The Royal British Legion, sometimes called The British Legion or The Legion, is a British charity providing financial and emotional support to members and veterans of the British Armed Forces, their families and dependants. Service in the military is no longer a requirement of Legion membership; the Legion has an official membership magazine, free to all Legion members as part of their annual subscription. The British Legion was founded in 1921 as a voice for the ex-service community as a merger of three organisations: the Comrades of the Great War, the National Association of Discharged Sailors and Soldiers and the National Federation of Discharged and Demobilized Sailors and Soldiers, incorporated the fundraising department of the Officers' Association. According to Mark Garnett and Richard Weight, it was established and run by Britain's upper class, but became genuinely popular with a broad membership, they argue: It was a product of the First World War and the combination of altruism towards, fear of, the working class....
The social dislocation caused by veterans' mental and physical trauma, coupled with the industrial unrest and disillusionment with war as an instrument of foreign policy, made the need to bring officers and men together in one body seem more pressing. A Royal Charter was granted in 1925, accompanied by invaluable patronage from royalty circles. During the Second World War, it was active in civil defence, its membership grew from veterans of the Second World War, reaching 3 million in 1950. It declined to a half million elderly survivors by 2003. Field Marshal The 1st Earl Haig, British commander at the Battle of the Somme and Passchendaele, was one of the founders of the Legion. Lord Haig served as the president of The Royal British Legion until his death. Best known for the yearly Poppy Appeal and Remembrance services, the Legion is a campaigning organisation that promotes the welfare and interests of current and former members of the British Armed Forces; the Legion support nearly 36,000 War Disablement Pension cases for war veterans and make around 300,000 welfare and friendship visits every year.
Legion campaigns include calls for more research into: Gulf War syndrome and compensation for its victims. The Legion holds a fund-raising drive each year in the weeks before Remembrance Sunday, during which artificial Remembrance poppy red poppies, meant to be worn on clothing, are offered to the public in return for a donation to the Legion; the Poppy is the trademark of The Royal British Legion, RBL states "The red poppy is our registered mark and its only lawful use is to raise funds for the Poppy Appeal". The paper poppies are manufactured at the Poppy Factory in Richmond. Other products bearing the Poppy, the Trademark of The Royal British Legion are sold throughout the year as part of the ongoing fundraising; the Legion organises'The Festival of Remembrance' in Royal Albert Hall, London on the Saturday before Remembrance Sunday. Featuring composer John Foulds's World Requiem it now includes military displays by current members of the armed forces, choral works, prayers, it culminates with Servicemen and Women, with representatives from youth uniformed organizations and uniformed public security services of the City of London, parading down the aisles and onto the floor of the hall.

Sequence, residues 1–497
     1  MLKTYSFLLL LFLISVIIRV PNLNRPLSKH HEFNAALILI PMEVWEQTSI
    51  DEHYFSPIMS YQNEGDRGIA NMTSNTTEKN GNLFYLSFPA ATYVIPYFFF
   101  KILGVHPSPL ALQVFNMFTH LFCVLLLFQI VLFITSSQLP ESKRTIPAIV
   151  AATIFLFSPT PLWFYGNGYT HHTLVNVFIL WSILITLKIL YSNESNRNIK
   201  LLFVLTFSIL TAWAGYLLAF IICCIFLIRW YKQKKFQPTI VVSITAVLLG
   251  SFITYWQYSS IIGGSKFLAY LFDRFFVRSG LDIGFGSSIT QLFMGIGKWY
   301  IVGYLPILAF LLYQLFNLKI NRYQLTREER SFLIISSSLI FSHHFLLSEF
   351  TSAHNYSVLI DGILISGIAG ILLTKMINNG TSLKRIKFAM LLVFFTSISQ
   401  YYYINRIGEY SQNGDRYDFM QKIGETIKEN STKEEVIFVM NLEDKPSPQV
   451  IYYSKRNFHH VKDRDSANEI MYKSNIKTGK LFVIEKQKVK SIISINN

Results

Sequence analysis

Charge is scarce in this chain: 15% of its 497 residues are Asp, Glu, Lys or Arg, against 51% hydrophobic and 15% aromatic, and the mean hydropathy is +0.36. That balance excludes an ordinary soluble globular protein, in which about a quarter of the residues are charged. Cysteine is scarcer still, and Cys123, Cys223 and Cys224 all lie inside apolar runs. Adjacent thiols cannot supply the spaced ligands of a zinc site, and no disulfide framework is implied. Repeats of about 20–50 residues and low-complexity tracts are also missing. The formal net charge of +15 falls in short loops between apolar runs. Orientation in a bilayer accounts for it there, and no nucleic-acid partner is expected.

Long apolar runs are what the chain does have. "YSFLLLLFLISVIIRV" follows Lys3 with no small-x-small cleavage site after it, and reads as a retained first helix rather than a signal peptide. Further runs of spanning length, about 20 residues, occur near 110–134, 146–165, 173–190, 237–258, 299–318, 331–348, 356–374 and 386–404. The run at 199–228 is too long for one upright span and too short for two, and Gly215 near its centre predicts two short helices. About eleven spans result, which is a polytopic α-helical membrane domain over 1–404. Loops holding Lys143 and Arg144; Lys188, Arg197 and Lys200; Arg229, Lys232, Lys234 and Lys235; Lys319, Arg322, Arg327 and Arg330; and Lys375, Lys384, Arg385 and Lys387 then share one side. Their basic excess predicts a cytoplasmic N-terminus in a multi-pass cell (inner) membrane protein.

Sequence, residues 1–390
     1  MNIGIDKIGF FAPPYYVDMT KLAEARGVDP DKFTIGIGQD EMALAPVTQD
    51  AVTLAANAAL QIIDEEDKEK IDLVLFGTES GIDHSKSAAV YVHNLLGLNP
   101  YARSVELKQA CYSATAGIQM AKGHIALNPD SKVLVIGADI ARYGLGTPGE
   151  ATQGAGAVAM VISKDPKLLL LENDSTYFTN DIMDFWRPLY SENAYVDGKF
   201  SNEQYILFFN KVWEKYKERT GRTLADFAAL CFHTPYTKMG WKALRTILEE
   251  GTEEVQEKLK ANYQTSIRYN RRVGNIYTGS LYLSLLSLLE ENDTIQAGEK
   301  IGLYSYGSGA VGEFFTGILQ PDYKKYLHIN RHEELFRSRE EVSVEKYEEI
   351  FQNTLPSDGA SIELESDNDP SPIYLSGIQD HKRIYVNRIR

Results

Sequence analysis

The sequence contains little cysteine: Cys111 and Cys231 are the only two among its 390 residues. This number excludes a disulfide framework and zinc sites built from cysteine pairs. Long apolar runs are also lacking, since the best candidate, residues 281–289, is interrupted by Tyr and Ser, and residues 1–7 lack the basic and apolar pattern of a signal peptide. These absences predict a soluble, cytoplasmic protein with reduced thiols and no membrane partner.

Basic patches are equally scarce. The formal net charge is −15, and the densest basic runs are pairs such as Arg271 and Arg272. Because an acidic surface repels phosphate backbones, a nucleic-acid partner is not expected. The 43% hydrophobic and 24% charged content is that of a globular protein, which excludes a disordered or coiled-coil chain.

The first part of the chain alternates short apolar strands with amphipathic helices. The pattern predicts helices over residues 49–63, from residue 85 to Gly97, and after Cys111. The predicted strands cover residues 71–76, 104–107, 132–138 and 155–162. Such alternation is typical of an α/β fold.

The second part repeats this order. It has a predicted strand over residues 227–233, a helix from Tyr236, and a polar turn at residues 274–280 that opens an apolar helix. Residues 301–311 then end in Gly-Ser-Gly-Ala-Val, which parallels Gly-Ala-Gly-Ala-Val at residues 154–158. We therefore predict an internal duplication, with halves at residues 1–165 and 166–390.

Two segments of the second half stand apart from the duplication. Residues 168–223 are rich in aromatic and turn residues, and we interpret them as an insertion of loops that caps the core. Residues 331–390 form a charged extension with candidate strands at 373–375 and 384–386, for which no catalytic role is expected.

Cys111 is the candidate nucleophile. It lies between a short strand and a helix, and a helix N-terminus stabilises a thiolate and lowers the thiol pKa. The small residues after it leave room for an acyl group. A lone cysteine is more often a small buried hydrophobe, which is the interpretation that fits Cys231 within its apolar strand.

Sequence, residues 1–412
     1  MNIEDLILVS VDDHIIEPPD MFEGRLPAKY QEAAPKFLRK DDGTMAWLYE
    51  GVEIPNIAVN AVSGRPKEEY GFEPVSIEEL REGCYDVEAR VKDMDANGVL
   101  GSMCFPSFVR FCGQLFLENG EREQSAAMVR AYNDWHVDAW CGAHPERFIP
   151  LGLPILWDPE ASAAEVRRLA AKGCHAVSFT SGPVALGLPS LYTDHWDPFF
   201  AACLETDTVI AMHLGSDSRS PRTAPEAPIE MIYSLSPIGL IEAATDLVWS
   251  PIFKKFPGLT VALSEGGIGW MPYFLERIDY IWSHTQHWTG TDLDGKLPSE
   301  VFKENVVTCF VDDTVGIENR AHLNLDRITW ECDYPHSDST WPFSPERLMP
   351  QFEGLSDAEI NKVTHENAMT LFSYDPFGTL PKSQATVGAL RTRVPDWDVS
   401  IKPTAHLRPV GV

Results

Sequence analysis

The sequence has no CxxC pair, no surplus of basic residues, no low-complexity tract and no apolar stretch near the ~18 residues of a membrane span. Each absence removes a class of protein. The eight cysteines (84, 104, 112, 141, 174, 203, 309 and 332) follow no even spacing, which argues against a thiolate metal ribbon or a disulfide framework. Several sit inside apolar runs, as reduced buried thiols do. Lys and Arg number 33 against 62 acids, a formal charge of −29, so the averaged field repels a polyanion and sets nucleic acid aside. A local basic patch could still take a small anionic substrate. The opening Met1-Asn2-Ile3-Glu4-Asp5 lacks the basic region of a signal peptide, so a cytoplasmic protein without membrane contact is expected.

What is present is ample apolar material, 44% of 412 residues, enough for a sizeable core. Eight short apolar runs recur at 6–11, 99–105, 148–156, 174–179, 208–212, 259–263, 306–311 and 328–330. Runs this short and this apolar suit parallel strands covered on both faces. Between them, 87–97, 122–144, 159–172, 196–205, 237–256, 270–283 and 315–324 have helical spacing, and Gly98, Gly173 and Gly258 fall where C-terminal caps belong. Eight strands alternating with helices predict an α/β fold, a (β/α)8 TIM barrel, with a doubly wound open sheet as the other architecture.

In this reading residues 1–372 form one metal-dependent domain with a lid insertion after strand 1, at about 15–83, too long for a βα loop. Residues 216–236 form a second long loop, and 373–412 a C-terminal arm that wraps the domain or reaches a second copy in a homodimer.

There is a release of poppy petals from the roof of the hall. On the day there are two performances; the matinee is open to any member of the public. The evening event is open only to members of the Legion and their families, is attended by senior members of the Royal Family. In 2007, the second half of the evening event was aired live on BBC Radio 2. BBC One showed the event an hour later. Most parts of the Festival are of a formal, thought-provoking, solemn nature. In recent years, the items have included more contemporary performers to attract a younger audience, they have included family members of serving military personnel. Musical accompaniment for the event is provided by a military band from the Household Division together with The Countess of Wessex's String Orchestra, joined by musicians of the Royal Air Force and representatives of the Royal Marines Band Service. Honour the Covenant is a campaign launched by The Royal British Legion in September 2007, which calls on the UK Government to honour the Military Covenant.